Research on food and addiction is in its infancy. New studies however are suggesting that overeating may dampen your dopamine response, which can make you overeat even more.
Dopamine is a neurotransmitter that motivates us to eat (and enjoy other “rewarding” behaviors). In 2001, Nora Volkow and her colleagues at the Brookhaven National Laboratory published a groundbreaking study called “Brain Dopamine and Obesity.” The study found that very obese people had lower levels of dopamine in the “reward” areas of their brains than did people who were normal weight. “These brain scans were game-changers,” according to Pamela Peeke assistant clinical professor of medicine at the University of Maryland School of Medicine. “Because this is precisely the same thing that happens in meth heads, cocaine addicts, alcoholics, and other addicts.” So, if dopamine makes you want to eat or take drugs, why then do obese people or drug addicts have less of a dopamine response? “We used to believe that people were addicted because they were more sensitive to rewarding effects,” says Volkow. “We thought they had more dopamine release, that it would be more pleasurable.” ” However, it’s the opposite.”
Researchers have wondered if some people overeat because they are born with a dopamine system that does not respond. Or, is it possible that obese people have a low dopamine response because they overeat and overstimulate their dopamine? It may be both. In a study of 26 overweight and obese young women, those who gained weight over six months had less response in the brain targeted by dopamine when they drank a milkshake than they had six months earlier. The young women also showed a reduced dopamine response compared to the overweight women who had not gained weight. A lower dopamine response may not only make it more likely to overeat, but to dampen the dopamine response even more.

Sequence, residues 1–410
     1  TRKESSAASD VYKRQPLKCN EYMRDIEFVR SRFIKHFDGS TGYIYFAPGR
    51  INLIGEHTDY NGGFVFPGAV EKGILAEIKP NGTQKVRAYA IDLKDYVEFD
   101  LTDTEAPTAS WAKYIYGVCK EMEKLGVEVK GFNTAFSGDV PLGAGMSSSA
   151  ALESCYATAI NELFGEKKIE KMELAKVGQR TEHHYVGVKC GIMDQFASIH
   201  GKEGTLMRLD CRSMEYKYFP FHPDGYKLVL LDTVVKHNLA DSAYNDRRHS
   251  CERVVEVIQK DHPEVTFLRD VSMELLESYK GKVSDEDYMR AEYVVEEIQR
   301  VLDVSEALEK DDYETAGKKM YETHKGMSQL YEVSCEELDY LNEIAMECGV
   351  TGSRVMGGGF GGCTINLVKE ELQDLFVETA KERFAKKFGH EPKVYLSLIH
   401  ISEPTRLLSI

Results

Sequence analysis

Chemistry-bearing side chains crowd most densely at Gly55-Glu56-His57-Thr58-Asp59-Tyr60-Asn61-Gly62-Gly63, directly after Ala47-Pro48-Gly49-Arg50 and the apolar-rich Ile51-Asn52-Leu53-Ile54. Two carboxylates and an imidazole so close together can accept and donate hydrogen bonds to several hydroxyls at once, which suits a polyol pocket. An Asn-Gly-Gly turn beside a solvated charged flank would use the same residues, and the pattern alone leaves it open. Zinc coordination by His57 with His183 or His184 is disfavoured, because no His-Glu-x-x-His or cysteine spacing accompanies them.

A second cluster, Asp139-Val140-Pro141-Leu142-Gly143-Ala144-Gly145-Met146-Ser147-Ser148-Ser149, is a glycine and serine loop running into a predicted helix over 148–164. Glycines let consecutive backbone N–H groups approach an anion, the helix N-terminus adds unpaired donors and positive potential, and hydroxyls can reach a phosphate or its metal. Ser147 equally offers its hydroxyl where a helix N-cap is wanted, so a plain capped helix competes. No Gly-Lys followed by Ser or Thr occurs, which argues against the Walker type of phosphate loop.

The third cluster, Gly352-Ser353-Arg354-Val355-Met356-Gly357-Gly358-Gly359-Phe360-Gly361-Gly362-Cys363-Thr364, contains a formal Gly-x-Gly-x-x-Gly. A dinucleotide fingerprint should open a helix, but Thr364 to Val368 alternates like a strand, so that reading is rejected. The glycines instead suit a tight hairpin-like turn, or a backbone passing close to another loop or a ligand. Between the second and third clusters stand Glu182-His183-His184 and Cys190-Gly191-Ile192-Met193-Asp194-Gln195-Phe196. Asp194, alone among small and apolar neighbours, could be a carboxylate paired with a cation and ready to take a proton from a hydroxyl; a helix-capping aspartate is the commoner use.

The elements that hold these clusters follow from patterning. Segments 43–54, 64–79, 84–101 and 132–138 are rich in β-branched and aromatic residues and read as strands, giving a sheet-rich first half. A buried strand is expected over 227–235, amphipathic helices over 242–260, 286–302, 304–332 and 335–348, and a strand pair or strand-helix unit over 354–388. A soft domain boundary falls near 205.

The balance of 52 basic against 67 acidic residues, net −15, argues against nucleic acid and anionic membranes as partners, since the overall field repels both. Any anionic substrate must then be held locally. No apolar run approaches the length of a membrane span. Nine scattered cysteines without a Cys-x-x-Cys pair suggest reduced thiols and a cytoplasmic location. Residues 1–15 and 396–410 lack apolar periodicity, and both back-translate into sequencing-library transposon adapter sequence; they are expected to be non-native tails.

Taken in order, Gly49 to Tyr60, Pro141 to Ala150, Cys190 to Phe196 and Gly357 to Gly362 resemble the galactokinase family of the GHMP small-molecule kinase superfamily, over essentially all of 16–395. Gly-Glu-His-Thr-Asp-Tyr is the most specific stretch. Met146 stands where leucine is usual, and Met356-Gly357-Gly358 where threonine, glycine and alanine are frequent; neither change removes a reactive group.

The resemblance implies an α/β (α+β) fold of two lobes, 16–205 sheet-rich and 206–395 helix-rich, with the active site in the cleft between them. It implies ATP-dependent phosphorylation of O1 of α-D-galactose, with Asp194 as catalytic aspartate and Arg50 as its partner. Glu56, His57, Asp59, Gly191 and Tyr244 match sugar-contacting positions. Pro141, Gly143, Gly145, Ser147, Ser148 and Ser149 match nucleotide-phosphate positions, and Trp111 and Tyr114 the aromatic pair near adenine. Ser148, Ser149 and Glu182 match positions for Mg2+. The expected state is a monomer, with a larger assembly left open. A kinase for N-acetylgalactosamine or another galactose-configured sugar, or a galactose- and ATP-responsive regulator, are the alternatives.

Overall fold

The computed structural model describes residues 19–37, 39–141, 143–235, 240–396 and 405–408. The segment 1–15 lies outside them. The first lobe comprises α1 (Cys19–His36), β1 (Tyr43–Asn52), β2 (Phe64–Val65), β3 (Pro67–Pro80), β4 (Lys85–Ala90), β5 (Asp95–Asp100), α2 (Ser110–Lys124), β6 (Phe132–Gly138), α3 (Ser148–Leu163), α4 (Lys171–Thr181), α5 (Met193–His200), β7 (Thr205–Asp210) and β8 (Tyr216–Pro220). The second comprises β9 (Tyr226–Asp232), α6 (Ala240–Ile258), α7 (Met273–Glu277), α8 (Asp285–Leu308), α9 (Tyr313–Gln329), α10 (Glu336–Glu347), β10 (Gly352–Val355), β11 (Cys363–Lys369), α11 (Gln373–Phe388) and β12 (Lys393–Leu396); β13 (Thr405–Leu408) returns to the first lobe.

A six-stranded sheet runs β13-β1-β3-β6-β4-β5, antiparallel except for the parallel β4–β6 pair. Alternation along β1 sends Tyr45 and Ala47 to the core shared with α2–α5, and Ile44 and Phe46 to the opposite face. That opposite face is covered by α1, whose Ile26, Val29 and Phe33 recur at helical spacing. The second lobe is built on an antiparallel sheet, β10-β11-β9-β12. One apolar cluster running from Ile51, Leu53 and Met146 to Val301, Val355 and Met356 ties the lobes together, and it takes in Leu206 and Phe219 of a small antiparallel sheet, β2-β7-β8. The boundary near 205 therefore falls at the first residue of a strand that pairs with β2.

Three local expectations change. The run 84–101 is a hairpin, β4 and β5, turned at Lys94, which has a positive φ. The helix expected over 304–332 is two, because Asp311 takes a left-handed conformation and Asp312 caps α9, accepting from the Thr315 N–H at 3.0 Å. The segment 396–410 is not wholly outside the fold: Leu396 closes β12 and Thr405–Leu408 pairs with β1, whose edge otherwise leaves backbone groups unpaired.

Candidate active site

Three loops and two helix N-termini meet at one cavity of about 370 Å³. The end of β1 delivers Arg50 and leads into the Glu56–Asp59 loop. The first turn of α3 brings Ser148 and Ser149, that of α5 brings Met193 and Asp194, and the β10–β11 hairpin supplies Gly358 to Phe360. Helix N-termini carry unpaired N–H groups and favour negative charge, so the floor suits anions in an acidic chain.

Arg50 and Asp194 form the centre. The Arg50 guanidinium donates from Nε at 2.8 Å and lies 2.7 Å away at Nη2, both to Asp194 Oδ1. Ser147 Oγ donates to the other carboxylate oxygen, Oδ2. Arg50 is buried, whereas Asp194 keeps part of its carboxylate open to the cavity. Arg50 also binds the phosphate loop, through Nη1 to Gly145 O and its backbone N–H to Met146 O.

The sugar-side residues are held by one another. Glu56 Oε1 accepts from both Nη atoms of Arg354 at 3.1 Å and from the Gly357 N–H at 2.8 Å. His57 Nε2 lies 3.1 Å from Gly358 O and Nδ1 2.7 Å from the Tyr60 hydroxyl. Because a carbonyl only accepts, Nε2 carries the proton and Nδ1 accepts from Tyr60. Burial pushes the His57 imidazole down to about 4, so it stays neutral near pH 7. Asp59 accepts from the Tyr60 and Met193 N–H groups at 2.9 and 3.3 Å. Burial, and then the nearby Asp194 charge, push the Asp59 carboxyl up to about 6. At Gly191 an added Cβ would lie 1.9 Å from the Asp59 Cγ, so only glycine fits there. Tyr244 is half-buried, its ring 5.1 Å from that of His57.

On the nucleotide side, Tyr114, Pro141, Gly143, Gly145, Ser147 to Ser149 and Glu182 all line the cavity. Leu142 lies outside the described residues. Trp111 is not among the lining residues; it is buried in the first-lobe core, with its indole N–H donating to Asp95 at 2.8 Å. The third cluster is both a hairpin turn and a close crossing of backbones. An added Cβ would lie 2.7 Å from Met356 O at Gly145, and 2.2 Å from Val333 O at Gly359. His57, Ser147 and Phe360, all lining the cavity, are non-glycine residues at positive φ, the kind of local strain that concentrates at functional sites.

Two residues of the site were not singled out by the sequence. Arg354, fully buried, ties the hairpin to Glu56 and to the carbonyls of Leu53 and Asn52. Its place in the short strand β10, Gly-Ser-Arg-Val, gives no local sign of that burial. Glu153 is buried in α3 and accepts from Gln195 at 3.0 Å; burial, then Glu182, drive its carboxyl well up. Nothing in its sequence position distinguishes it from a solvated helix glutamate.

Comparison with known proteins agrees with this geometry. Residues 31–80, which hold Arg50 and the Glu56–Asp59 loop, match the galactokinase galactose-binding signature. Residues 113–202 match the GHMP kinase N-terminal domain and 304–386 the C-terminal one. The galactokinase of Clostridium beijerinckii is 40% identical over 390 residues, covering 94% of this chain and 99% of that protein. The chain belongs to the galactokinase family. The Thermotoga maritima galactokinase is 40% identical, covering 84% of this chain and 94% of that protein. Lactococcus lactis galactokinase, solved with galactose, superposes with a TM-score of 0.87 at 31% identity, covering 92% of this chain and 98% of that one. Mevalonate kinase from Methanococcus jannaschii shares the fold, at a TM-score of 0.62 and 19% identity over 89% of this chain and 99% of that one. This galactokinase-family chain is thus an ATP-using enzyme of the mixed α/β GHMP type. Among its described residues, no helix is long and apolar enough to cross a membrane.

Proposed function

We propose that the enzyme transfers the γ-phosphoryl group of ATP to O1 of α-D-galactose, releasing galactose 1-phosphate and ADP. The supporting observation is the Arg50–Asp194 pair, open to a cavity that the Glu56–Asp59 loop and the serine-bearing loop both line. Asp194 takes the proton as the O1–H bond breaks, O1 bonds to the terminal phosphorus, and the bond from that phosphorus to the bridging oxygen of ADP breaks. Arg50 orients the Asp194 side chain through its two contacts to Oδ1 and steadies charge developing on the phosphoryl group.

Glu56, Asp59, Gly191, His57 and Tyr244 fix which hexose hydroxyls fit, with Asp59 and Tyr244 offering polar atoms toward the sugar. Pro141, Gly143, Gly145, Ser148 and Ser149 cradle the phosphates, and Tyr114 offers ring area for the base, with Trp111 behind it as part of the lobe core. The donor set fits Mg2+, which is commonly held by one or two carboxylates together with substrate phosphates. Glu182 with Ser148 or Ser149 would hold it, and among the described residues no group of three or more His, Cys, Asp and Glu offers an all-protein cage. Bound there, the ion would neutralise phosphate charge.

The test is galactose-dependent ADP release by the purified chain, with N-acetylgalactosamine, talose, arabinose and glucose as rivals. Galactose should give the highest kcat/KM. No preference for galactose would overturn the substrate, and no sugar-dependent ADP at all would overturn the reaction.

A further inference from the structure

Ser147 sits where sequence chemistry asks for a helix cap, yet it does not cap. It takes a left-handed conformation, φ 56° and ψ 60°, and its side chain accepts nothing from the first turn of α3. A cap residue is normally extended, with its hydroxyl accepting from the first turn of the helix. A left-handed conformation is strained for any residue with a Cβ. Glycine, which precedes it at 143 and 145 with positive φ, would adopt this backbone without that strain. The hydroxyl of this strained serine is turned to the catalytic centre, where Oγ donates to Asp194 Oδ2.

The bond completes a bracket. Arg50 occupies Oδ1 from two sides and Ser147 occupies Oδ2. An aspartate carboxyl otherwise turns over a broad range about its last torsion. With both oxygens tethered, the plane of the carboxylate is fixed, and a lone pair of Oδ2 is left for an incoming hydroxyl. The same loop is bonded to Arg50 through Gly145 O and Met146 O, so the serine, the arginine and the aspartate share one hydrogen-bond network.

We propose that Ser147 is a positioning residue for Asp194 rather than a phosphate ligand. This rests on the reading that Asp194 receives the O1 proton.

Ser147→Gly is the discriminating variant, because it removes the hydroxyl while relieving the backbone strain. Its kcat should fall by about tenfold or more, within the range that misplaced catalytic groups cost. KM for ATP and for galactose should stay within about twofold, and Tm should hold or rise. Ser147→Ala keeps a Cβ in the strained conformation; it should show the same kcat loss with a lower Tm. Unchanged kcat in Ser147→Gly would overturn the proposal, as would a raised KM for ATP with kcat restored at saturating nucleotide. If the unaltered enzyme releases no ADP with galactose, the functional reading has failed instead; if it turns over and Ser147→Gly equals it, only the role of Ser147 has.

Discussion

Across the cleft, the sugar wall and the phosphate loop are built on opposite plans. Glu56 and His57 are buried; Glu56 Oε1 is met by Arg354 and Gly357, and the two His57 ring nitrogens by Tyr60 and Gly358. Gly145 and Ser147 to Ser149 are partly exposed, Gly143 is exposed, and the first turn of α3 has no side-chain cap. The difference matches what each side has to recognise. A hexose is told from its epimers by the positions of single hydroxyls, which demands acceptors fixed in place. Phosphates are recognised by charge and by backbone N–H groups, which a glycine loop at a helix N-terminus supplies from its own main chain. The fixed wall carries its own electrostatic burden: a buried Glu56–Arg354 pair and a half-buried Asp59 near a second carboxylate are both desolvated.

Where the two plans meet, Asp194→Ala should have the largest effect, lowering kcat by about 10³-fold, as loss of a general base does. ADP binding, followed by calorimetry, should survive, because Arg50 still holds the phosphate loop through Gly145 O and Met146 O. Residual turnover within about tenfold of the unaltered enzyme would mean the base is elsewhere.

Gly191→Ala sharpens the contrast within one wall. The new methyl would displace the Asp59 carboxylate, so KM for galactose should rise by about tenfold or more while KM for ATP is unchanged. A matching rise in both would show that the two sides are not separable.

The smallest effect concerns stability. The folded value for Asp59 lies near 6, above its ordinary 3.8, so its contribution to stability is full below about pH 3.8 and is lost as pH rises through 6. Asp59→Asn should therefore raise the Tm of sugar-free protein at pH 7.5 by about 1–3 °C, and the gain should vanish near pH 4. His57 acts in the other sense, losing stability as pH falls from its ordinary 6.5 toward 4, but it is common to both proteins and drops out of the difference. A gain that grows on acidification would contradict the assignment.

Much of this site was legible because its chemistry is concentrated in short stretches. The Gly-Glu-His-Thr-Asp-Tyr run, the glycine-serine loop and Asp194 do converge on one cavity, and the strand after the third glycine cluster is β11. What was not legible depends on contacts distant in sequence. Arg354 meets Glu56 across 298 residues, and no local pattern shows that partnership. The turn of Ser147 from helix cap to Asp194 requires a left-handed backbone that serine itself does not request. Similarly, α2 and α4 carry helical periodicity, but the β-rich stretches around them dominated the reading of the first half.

So which foods can be addictive? According to Kyle Burger, a researcher at the Oregon Research Institute, those foods that are sweet, fatty and have a lot of calories – no surprise. “It looks like the habitual consumption of food – specifically calorie – dense food – can elicit changes in brain responses that mirror drug addiction,” ways Burger. However, as humans we all crave certain foods…. and craving is not addiction. Craving is an intense desire to eat a particular food. Some studies show that among college students, approximately 60% of women crave sweet foods that are usually high in fat, while men’s sweet cravings are at about 40%.
Food addiction research is in its early stages. The hope is to continue following people over a long period of time. Says Burger: “The take – home message is that the frequent consumption of calorie – dense food may be altering your brain responses in a way that’s going to make you consume more.” Nutrition Action May 2012